Ok, everyone, so to update you...I left the countryside on Sunday and I am now staying with a friend of a friends in the prestigious Plateau Mont-Royal area in a lovely flat at the foot of the ‘mountain’ (that being a very large hill on the top of the Parc Mont-Royal) I have done an enormous amount of sightseeing and seen Old Montreal and the Old Port, been to the Science Museum and the Museum of the History of Montreal and been on a boat tour in the St Laurence river and seen the Olympic Park and been up the Tower plus also had long walks in the Botanical Gardens and in the Mont-Royal park which also doing a bit of window shopping and catching a film on St Catherine’s street. I have also enjoyed 2 nights out, one for my host’s girlfriend’s birthday and once to go to Les FrancoFolies which is a French music festival.
The title of this blog is ‘plan du metro du Montreal’ because I would like to share with you the differences between Montreal’s metro system and London’s underground. First of all as you will see its far less extensive, with fewer stops, fewer lines and fewer interchanges than our underground system. And the lines only have colours, not names. But the differences that bring me most entertainment/pleasure are that the lines never seem to be down, no ‘TFL investment works’ and every train goes the full length of the line! So no worrying about which train to get on! There are no screens anyway telling you when the next train is coming, they just come around every 4 minutes. And how do you work out which direction they’re going? It will tell you the name of the station at the end of the line as opposed to telling you if its going north/south or east/west as in London. And finally the difference that I still haven’t got used to is that they do have an Oyster equivalent (that you can only put travel cards on as opposed to the pay-as-you-go option in London) but you tap in and not out! So as I get off the train and hurriedly try and find my card to tap out I realise that you can just walk straight through the barriers as you exit! Therefore I can only deduce that there’s a flat rate which would make sense as they don’t have zones anyway! The other thing that makes me laugh is the way the seats are arranged, like a proper train, no side ways on London tubes, this would be a problem coz it would stop people standing up if the metro trains were actually busy but they’re just not compared to London tubes!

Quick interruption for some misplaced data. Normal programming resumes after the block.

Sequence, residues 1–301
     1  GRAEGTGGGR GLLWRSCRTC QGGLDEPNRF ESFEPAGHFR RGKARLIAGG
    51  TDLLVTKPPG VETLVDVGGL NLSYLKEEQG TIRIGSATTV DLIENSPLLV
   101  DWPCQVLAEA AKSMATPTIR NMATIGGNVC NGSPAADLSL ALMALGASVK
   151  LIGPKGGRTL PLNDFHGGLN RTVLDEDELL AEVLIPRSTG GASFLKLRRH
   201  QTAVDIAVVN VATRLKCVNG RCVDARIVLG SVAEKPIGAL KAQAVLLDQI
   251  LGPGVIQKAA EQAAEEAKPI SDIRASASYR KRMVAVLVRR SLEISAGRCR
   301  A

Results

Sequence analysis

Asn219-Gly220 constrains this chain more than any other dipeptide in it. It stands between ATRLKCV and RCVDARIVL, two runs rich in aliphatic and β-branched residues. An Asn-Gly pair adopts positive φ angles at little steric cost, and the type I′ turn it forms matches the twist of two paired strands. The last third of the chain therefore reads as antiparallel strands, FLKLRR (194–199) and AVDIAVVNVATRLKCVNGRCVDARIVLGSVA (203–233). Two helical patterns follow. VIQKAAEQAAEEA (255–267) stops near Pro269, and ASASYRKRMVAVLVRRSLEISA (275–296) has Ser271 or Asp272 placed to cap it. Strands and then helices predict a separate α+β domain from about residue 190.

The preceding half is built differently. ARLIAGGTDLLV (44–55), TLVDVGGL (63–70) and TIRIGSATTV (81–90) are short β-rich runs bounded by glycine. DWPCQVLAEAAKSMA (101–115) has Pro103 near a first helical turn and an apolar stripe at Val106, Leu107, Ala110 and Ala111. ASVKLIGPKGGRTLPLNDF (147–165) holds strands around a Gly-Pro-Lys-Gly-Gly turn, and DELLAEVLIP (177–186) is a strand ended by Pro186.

Ok, enough of that rant! On to my next one…crossing the road! I’m really not sure what the etiquette of crossing the road is in Canada. Zebra crossing are few and far between. They do have crossings like we do. But there’s no button to press and no beeping. It’s a white man meaning ‘walk’ and a red hand meaning ‘don’t walk’. Also the equivalent of our green man flashing is the red hand with a 15/30 second count down. The only problem is that at think point the traffic lights turn green not flashing amber like ours so sometimes the cars move when people are still walking. And when there isn’t a crossing it’s a matter of working out the safest time to cross based on the traffic lights. I haven’t yet worked out how blind people cross the road safely without the beeping and twiddley things!
Ottawa’s my next stop, let’s see what delights that city brings :)